mexico auto factory worker
A factory employee works in the General Motors plant in Silao, in the state of Guanajuato, Mexico, in 2008. Since then Mexico has seen major investments in auto manufacturing thanks to its web of free trade agreements, proximity to the U.S. and low labor costs. Reuters

With more than a dozen free trade agreements with 45 countries, Mexico’s automotive industry is firing on all cylinders. Some of the world’s largest automakers have been spending much of the past two decades setting up shops in the center and north of the country.

This week, Toyota and Ford are expected to announce billions of dollars’ worth of investments to expand operations south of the U.S. border.

Ford’s $2.5 billion will go toward expanding engine and transmission systems manufacturing at two existing facilities, one in northern Chihuahua state and the other in central Guanajuato state, the Mexican newspaper El Economista reported on Tuesday, citing local industry insiders. The official announcement is expected to be made by Mexican President Enrique Peña Nieto on Friday at an event marking the 90th anniversary of Mexican automotive manufacturing.

In a separate deal, Peña Nieto will announce a new Toyota factory in Guanajuato that will make 200,000 Corollas a year for the North American market, El Fianciero reports. The plant is expected to cost about $1 billion and will be up and running in 2019.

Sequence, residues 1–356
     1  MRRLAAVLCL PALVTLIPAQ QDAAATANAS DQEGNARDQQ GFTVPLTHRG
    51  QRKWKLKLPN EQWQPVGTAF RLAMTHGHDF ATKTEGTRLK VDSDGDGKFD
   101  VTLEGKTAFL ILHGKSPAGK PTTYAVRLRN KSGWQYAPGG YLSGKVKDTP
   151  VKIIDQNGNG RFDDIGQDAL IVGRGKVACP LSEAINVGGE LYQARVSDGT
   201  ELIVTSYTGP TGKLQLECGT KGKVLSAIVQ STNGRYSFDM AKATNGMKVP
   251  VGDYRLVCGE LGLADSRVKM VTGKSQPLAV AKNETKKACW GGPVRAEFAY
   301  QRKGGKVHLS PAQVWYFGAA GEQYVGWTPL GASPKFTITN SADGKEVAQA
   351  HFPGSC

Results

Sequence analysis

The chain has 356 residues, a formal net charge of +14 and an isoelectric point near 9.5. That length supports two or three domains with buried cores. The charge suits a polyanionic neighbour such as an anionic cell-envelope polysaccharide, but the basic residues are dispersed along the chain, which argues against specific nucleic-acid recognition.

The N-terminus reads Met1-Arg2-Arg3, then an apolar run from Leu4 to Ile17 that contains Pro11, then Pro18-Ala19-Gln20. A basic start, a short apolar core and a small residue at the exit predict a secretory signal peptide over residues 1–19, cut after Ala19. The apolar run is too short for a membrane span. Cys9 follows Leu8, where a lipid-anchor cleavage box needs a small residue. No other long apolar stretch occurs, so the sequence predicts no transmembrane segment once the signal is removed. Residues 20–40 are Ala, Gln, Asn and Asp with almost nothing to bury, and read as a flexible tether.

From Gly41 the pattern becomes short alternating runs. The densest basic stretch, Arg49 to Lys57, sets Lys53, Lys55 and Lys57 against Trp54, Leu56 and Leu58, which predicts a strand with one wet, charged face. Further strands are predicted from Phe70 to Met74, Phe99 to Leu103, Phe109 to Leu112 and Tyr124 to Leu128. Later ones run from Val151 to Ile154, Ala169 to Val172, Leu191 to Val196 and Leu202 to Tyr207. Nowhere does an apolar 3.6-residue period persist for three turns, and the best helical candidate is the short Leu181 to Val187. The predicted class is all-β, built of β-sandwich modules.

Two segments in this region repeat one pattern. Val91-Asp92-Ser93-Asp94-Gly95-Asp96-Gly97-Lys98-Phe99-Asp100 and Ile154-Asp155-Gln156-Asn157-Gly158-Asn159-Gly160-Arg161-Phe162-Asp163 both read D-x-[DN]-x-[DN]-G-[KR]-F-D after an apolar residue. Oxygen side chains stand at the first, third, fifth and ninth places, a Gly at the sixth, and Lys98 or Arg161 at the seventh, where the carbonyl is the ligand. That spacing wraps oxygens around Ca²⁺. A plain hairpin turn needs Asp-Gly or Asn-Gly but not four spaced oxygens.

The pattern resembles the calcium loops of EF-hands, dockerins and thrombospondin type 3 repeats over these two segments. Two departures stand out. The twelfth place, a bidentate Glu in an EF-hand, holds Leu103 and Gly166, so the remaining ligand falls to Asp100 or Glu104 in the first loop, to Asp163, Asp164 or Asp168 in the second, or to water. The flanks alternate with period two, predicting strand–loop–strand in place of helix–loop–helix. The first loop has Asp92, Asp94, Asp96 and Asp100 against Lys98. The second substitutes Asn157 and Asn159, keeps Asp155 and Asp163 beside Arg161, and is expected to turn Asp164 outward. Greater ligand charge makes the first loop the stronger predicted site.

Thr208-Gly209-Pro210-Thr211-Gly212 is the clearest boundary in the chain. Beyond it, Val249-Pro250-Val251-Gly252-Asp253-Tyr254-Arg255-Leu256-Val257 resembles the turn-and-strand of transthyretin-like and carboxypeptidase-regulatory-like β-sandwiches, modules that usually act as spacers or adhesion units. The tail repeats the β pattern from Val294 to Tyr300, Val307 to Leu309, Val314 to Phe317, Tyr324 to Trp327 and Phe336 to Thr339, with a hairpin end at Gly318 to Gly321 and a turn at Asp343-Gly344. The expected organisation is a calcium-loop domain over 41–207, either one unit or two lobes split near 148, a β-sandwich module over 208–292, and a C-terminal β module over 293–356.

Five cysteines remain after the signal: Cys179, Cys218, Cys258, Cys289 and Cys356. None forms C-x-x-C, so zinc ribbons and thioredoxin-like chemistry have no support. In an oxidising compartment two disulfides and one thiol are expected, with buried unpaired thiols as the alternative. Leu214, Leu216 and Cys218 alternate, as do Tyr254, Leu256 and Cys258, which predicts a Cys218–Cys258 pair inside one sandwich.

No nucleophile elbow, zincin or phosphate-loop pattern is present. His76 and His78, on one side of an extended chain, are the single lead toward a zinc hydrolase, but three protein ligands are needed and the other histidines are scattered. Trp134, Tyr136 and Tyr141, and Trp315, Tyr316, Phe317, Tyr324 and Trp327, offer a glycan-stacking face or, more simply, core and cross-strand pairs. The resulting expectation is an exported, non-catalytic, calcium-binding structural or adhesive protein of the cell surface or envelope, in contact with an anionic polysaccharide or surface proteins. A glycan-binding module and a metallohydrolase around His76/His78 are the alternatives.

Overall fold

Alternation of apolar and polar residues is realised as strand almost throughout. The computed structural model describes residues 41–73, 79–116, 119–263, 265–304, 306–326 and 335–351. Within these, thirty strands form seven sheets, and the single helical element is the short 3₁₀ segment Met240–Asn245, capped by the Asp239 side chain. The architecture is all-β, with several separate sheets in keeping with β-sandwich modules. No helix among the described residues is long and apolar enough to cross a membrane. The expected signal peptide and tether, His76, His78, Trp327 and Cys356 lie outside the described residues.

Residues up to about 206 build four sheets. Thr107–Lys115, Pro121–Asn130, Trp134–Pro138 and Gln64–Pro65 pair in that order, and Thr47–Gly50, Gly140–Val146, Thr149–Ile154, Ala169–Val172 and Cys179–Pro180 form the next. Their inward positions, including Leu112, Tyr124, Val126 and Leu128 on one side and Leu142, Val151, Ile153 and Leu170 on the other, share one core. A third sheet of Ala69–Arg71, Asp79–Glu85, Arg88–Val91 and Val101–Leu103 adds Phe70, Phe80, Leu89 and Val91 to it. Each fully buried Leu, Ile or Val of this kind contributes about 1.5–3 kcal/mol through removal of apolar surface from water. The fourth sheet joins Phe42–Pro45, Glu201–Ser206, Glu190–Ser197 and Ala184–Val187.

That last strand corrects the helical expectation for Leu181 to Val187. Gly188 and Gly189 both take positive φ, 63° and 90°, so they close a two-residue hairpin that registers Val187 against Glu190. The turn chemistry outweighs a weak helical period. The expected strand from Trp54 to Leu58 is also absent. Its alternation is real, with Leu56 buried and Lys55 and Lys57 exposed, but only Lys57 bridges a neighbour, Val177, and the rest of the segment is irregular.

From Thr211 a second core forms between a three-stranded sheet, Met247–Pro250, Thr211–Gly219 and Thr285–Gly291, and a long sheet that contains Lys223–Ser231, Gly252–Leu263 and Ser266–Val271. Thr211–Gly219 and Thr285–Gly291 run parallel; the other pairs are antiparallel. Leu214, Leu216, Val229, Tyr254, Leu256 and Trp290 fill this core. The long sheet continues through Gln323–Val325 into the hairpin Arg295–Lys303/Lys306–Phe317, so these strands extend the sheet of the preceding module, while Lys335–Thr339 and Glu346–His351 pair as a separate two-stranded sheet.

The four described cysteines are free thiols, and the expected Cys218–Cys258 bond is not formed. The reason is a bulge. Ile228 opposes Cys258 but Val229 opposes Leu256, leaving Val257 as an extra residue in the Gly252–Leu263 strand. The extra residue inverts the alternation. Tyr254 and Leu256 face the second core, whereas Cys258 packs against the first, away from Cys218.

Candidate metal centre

For Toyota, this will be the first car factory in Mexico that will build entire vehicles from scratch. The world’s largest automaker assembles Toyota Tacoma pickup trucks and pickup truck beds in Baja California Norte, just south of California, but completed components are shipped to the factory rather than assembled at the plant.

In 2011, Toyota announced a temporary freeze on building factories after the company was hit with a unintended acceleration recall crisis in 2010, a year after it posted the first annual loss in its history. But spurred by a weak yen, Toyota and other Japanese automakers have been emboldened to increase investments, according to Nikkei. Toyota also is installing an assembly line in Guangzhou, China, with its local partner FAW Group, which will be online in 2018 making 100,000 compact cars for the Chinese market.

Currently, nine global automakers operate 17 automotive factories and eight parts plants in Mexico, largely clustered in the center of the country where infrastructure support is strongest. Kia Motors and Mazda Motor also recently announced they would set up shop in Mexico.